From the previous post it is easy to get the impression that all my hydrangeas are blue – and that would not be far wrong! Many hydrangeas swing from pink in alkaline soil to blue in acidic, but as many will not change colour dramatically as a result of soil ph. I DO have pink hydrangeas, and in the Beech Borders I plan to plant some more, as there the flowers are almost all pink.
In this post I wish to concentrate on some of the many species and varieties of hydrangeas, as people don’t always realise how much they differ. Most obvious is the difference between the mopheads or hortensias with their fewer, hidden fertile flowers (first picture) and the lacecaps (above) where the infertile ray florets usually surround the small, fertile flowers in the centre.
Recently a new range of double-flowered hydrangeas, the YouMe Hydrangea series, was launched with dramatic and unusual double flowers; I bought a few last summer and photographed this on a still very young bush recently.
Much to my surprise I discovered this double growing along Oak Avenue recently; it was planted at least five years ago and was almost certainly grown from a cutting – but where then is the parent plant??? I had actually stood closer to investigate its lovely white centre when I realised it was double – but as you can see, not all florets are double.
Colour is mostly not a reliable identification tool, merely a help. But the shape and number of the bracts of the ray florets and their distribution around the plant, the relative size and proportion of the blooms and the way they change after fertilisation and during the later part of the season all help in identifying the many cultivars that at first glance might appear very similar.
In our climate, where they are so happy, most years brings a gradual change of colour over many months as the flowers age; these bright blues become the colour of old-fashioned bottled ink.
And these start of a soft but saturated powder blue and fade to chartreuse – a wonderful combination!
Sometimes the young flowers also show change and variation. These jewel-like purples indicate that this plant might be a dark pink or even red in alkaline soil.
Sometimes you find variegated leaves. This plant with yellow variegation is particularly striking. When I set off to photograph my more common white variegated plant, I found it had disappeared… I must do a proper search and see if it is overgrown and overpowered or completely lost. Coming to think of it – how many years since I last saw it, anyway…
Whilst on leaves: Hydrangea quercifolia, the oak-leaf hydrangea has a very different leaf and wonderful autumn foliage, much better than the mopheads and lacecaps in the H. macrophylla family where there is a vague yellowing only. Its conical flower-heads are always white, fading quickly through russets to brown before bleaching to straw by autumn; their dainty filigreed nature causes them to catch the frost most beautifully later in the year.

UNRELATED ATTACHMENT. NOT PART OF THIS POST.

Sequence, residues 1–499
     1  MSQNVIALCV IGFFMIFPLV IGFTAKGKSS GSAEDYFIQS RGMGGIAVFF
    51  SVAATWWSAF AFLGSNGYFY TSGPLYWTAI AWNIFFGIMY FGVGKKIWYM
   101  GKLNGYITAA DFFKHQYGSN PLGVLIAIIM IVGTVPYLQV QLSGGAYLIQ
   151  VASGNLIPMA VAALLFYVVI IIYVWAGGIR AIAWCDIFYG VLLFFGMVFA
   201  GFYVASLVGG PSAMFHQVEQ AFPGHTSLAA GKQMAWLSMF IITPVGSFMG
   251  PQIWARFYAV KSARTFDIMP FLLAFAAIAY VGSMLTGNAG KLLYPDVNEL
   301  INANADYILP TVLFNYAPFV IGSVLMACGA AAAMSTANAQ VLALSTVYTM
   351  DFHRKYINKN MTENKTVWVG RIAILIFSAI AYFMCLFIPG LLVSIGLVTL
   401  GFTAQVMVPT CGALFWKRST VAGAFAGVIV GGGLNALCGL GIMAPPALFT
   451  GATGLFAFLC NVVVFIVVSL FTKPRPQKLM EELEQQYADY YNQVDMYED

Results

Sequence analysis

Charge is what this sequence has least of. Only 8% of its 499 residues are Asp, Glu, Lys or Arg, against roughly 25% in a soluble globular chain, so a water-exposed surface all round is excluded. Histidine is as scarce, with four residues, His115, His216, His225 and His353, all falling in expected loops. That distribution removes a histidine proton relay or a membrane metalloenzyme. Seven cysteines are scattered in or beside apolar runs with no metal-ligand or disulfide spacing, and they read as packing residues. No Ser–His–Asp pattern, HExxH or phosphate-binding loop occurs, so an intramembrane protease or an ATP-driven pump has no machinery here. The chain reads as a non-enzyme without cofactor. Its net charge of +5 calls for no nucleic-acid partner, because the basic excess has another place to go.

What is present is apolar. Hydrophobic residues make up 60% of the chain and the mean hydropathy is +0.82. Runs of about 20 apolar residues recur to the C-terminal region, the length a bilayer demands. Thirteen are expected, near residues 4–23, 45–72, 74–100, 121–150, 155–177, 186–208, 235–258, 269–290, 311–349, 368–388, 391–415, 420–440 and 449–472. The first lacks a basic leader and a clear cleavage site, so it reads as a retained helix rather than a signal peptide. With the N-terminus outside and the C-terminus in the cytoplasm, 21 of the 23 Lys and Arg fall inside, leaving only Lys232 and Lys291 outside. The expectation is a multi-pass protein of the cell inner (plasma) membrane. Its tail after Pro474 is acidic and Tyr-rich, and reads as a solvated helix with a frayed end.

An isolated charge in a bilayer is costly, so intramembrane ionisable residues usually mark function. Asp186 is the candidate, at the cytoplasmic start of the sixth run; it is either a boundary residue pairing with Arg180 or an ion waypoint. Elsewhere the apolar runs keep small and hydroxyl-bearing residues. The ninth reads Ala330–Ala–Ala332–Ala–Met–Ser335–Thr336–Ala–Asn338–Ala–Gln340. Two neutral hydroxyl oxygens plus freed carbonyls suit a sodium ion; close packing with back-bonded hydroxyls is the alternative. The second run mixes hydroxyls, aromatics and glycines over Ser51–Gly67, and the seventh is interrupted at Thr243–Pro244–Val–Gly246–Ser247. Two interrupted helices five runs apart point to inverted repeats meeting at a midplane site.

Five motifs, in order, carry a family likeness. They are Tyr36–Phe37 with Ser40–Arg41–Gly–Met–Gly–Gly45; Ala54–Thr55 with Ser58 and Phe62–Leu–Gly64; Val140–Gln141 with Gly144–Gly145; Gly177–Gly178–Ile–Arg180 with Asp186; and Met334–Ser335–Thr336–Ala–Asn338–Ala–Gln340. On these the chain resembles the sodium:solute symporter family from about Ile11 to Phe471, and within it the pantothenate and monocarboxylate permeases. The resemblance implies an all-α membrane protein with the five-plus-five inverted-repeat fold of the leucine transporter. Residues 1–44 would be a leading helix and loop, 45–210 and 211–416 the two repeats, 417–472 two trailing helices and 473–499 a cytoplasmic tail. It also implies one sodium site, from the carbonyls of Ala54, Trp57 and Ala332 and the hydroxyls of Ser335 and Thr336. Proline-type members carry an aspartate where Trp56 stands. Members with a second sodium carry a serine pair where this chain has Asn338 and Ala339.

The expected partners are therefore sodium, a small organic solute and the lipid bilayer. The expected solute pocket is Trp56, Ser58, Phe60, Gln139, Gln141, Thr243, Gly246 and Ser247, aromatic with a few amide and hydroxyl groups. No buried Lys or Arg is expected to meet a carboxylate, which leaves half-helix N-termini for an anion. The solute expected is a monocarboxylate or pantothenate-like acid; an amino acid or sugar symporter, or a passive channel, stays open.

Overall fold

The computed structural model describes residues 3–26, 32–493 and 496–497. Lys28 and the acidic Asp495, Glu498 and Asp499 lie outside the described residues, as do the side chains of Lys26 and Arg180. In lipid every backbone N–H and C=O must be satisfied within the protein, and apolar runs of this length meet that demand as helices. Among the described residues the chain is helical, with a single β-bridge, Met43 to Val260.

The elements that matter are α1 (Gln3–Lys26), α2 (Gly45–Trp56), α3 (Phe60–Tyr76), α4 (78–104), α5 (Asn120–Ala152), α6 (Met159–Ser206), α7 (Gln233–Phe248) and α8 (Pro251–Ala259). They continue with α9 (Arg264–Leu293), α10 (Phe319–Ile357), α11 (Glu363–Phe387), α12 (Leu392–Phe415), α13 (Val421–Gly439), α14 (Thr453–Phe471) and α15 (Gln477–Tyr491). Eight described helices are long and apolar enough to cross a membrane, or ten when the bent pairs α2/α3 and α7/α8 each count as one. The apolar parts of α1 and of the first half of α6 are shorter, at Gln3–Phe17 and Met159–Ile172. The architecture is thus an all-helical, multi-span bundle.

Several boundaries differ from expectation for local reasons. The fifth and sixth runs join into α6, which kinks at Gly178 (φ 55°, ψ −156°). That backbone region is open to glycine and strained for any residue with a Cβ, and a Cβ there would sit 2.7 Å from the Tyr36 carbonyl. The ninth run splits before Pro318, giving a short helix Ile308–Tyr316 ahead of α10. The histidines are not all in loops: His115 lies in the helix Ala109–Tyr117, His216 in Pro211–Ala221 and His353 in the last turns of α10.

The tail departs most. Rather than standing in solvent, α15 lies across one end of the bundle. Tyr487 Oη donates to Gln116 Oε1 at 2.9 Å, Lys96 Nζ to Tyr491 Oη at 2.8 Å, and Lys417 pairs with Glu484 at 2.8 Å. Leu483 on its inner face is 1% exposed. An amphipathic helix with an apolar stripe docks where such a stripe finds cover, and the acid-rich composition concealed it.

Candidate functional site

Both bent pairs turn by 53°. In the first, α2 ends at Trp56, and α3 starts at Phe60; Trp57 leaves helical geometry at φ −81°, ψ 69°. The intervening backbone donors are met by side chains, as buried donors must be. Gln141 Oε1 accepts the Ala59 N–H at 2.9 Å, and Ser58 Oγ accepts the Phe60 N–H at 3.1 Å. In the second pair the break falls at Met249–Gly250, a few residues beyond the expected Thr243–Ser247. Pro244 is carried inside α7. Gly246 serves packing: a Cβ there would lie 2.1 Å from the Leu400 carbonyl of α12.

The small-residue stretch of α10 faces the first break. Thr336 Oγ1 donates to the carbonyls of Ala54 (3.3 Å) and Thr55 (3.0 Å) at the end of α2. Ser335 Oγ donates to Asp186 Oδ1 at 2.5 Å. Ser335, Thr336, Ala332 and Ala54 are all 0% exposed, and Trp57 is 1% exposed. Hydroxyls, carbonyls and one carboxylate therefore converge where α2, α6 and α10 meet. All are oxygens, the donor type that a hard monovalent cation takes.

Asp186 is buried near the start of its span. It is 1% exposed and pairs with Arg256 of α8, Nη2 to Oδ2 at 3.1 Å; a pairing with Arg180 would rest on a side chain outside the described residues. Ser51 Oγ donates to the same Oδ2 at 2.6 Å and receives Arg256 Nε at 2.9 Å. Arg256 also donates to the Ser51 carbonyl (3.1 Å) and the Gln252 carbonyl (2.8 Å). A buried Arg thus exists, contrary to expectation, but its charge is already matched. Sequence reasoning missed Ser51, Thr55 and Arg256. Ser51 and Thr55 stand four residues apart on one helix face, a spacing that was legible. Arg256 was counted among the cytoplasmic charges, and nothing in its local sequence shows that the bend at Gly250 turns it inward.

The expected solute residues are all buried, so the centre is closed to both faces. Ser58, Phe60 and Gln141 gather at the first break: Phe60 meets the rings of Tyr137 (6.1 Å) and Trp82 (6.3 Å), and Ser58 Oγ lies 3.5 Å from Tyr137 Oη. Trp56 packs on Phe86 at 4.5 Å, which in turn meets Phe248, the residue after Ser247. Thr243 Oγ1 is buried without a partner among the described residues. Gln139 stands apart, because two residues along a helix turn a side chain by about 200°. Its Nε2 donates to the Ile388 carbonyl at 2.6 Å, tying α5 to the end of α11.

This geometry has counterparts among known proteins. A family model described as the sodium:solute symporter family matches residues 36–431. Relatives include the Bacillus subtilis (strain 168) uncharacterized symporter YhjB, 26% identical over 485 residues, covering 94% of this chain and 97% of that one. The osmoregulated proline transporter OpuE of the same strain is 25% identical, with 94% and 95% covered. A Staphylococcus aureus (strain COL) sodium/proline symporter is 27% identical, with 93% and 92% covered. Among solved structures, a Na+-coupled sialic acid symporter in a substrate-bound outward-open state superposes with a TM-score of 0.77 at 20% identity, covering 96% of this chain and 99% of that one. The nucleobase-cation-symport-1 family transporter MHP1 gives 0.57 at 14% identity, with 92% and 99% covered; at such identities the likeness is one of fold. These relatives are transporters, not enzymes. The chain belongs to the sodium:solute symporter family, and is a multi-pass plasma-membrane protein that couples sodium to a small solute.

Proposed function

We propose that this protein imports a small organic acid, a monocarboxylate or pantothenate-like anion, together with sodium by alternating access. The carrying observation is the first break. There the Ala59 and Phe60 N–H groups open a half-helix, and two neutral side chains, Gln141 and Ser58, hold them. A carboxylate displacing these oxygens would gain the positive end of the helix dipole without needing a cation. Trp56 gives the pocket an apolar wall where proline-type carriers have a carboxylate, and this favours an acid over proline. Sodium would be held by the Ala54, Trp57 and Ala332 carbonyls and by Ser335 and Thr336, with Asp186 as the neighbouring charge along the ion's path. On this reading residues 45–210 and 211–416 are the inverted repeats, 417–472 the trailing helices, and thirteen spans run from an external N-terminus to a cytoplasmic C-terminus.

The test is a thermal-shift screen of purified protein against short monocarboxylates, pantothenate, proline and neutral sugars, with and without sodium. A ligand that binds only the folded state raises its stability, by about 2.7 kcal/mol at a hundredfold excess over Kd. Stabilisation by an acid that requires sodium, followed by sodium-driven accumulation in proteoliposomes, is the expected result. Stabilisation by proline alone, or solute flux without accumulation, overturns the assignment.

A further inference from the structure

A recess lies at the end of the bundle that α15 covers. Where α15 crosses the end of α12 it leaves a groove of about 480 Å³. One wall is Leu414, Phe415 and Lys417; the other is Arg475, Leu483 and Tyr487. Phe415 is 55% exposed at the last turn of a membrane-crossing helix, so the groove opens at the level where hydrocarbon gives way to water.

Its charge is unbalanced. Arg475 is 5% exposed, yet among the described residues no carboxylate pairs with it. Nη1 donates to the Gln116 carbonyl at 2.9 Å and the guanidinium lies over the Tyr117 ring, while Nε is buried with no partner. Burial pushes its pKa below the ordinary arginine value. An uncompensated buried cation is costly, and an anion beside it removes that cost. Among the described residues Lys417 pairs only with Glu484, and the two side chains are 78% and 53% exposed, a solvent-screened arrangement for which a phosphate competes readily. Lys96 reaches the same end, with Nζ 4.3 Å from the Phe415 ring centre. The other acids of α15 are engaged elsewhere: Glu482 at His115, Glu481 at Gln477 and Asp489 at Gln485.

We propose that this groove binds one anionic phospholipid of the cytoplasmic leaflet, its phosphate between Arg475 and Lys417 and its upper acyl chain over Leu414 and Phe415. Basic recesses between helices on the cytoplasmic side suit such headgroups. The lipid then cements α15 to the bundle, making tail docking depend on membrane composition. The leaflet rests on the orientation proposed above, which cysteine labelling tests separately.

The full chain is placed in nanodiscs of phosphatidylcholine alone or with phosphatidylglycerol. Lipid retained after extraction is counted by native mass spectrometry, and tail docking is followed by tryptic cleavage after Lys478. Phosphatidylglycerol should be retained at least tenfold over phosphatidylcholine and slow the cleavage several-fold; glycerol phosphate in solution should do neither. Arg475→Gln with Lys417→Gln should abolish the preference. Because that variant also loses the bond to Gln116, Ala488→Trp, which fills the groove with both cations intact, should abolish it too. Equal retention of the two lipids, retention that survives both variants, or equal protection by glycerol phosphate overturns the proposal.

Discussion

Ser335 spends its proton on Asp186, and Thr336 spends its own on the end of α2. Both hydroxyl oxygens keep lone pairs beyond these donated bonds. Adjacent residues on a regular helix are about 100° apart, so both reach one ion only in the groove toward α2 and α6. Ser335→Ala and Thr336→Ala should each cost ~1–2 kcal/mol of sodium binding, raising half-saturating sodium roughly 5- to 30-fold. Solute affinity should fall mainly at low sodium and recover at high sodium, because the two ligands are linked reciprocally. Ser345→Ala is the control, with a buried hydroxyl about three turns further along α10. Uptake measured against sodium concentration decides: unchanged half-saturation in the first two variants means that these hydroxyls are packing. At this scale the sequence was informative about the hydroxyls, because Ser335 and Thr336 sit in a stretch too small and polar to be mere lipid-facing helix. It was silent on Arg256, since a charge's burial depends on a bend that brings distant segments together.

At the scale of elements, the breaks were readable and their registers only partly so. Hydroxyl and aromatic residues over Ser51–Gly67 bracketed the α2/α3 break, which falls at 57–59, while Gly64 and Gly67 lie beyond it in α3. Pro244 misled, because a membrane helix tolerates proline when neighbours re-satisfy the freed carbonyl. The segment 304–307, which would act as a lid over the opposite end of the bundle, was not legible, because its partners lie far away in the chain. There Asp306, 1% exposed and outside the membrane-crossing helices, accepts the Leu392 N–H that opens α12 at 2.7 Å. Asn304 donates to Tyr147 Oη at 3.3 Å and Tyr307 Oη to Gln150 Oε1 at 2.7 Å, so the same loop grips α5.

Here you can see a large grouping of them on the edge of the arboretum in autumn, framed by Prunus sargentii and with Camellia sasanqua ‘Blanchette’ in the centre.
H. serrata is superficially very similar to a small-leaved, delicate lacecap H. macrophylla, but as you get to know the plant, you realise that they are quite different. H. serrata ‘Preziosa’ with its richer, redder pigmentation is the loveliest, but I have yet to find it in South Africa. It is one of my all-time favourite plants.
This picture shows the remarkable range of colours a single plant can show. Taken in autumn, before the first frosts put pay to the display, there is a young flower, a faded flower from earlier in the season and one that has turned brown after being scorched by the heat very early in the season. However often the scorched flowers, which having been damaged tend to bleach to pale brown rather than show metallic colour, retain their shape. Besides – the garden is simply too large for regular deadheading!
In a good year flowers change colour slowly and are never scorched or parched, so that their show continuous right up until the autumn leaves turn.
Because of our long summers, secondary growth often provides an autumn flush of flowers. The way they combine with autumn leaves adds a whole new dimension to the beauty of hydrangeas at Sequoia!
As a good season progresses, the flowers that developed in shade become richer and richer, and their original flat colouring is forgotten in the opalescent mix of their maturity.
Whilst searching through my files I came across this series of particularly lovely close-ups… Don’t believe anyone who says that hydrangeas are not subtle!
Look at the way the shadow falls across this petal…
And just look at the little spider sitting on an anther, less than 2mm across I would guess, and below her what seems like an aphid (eek!). I only noticed them when I developed this ultra-close-up photo!
More detailed than the spider I can’t get, so let us end our walk with the big impact of a gorgeous powder blue hydrangea in its prime around Christmas time.